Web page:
The Ancient Cry of the Tyrannosaur
By Bryan Aiken
By Bryan Aiken
often read that Attractive Eighties Women, Atlanta’s equally preferred and
maligned “comedy-core” outfit, are better seen than heard, that the band’s
debut studio LP fails to capture the charm of its ridiculous, costumed
performances. While that may be true, it’s that refrained criticism that
inspired this review: I’ve never seen them live, I held no expectations upon
entry, and frankly, I think the album rules.
musicianship, solid production, and no-bullshit rock ‘n’ roll underpins
vocalist Phoebe Cates’ nearly-entirely-bullshit lyrics, that is, even at the
sum of its shakiest parts, honestly and purposefully hilarious. On the sixth
listen, a bulk of the gags are just as potent, and a week after first contact,
I’m still mumbling, “Bill Dance, motherfucker,” in the shower. It’s novelty
music, sure, but it’s as catchy as it is kitschy.
its core, Ancient is not so far a cry
from rock ‘n’ roll purism. In an act that lampoons what it so obviously
reveres, the album easily earns a place in the same fun-above-all beer-stained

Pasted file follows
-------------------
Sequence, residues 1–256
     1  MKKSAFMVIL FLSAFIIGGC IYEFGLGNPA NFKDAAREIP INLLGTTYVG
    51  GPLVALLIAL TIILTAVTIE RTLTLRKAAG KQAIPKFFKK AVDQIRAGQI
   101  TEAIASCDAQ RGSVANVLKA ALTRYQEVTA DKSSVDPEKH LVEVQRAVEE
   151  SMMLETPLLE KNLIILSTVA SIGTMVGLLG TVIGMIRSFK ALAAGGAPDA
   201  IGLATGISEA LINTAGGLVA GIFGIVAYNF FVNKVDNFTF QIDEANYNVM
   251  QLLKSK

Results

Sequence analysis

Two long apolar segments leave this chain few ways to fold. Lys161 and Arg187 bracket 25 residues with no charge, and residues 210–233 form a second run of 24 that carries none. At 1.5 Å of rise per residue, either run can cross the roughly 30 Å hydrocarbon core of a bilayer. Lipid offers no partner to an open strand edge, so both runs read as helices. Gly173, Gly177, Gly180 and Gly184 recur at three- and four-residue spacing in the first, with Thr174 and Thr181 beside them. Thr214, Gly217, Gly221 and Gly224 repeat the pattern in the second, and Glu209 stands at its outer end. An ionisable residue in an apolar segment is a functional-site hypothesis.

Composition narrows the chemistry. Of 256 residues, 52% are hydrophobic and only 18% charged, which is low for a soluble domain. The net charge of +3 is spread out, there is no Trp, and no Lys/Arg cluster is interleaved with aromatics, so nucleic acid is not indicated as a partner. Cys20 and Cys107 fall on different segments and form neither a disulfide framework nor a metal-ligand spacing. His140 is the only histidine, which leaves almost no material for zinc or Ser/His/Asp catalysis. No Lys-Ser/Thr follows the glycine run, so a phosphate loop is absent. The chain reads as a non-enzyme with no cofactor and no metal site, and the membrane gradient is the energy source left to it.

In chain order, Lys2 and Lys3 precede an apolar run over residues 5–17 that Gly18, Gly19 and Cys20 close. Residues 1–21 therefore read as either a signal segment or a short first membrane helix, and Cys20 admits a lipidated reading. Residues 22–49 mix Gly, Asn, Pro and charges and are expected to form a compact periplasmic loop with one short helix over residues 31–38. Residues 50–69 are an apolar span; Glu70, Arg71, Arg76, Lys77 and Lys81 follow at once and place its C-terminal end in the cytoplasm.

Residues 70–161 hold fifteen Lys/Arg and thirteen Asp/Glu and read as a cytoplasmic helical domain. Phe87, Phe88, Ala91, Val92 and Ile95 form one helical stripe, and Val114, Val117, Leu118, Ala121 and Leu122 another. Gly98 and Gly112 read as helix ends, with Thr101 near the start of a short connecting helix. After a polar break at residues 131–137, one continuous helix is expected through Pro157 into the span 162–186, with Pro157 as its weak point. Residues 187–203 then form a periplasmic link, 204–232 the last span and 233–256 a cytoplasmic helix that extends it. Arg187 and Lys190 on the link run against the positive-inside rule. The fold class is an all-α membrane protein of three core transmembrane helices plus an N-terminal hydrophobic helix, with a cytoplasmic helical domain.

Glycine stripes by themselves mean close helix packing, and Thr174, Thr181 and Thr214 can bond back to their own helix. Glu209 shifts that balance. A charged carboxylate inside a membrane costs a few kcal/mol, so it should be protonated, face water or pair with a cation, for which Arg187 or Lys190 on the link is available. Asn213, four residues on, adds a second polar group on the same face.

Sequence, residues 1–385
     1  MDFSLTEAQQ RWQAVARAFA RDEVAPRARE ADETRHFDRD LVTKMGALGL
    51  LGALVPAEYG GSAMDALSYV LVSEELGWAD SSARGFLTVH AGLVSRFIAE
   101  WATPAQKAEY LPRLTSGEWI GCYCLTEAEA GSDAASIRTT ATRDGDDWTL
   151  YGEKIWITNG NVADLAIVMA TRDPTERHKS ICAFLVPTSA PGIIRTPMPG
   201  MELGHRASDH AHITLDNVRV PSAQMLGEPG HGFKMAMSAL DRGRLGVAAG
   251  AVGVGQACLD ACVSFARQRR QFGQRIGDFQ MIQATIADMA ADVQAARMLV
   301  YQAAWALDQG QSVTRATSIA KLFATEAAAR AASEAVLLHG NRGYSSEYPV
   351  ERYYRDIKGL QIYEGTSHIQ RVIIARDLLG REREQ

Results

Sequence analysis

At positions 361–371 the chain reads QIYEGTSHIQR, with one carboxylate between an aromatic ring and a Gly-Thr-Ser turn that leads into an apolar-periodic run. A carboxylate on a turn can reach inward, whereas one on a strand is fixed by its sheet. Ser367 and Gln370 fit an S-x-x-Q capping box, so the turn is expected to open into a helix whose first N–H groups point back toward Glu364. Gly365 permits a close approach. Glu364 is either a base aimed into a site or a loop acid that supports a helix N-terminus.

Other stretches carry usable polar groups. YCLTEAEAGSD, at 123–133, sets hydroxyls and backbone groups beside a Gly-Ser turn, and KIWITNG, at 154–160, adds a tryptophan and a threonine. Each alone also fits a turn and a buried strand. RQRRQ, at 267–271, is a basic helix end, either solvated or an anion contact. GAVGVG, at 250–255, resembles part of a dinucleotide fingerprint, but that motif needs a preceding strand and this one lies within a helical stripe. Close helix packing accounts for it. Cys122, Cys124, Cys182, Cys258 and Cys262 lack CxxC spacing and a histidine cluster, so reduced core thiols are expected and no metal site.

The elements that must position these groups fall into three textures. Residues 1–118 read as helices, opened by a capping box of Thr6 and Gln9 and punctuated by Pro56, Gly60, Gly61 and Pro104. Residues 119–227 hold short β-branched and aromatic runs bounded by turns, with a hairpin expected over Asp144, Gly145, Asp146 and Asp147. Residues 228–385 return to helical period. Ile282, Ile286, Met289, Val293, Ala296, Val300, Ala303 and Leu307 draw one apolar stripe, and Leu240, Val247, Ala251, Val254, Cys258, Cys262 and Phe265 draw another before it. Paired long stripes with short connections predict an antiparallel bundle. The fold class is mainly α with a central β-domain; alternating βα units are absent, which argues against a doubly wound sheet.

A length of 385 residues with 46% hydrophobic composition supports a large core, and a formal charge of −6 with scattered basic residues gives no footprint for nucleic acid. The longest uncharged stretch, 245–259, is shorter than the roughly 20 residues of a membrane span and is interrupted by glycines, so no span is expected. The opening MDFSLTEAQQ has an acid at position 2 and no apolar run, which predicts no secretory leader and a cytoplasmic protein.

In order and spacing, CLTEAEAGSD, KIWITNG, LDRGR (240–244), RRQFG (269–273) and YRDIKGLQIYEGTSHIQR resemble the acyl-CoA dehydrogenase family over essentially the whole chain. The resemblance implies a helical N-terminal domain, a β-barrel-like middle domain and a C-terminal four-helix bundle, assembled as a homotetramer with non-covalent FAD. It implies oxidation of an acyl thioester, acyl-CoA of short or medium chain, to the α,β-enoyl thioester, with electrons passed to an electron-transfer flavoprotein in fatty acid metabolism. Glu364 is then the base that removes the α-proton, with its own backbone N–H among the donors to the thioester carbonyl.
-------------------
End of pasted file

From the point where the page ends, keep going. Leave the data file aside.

jukebox musculature as Andrew W.K. and Tenacious D: part-reverence,
part-caricature, part-mudslung truck drunkenly jumping a fiery ramp of party.
But just as
no pickup goes without a hitch, Ancient
does suffer the predicted shortcomings. At 15 tracks and nearly 45 minutes, the
album is a bit tiring for its shtick, and not all the songs are as amusing as
any listener would require. However, the tracks are arranged with utmost
comedic pace: all the best material is in the first and final thirds, saving
the knockout punch for a surprising unlisted climax.
something commendable and immediate about rock without pretension, irony without
smarm. In a scene and era where rock ‘n’ roll can be given to the totally
self-righteous, Attractive Eighties Women focuses on the “totally” and “righteous”
part of that formula, in an overall refreshing effort that could help save a
genre from itself.
In the end,
comedy is no light craft. There’s a dangerously fine line between comedy and
tragedy, savior and menace, chocolate shake and diarrhea, and bless the Women
for having the balls the brave it.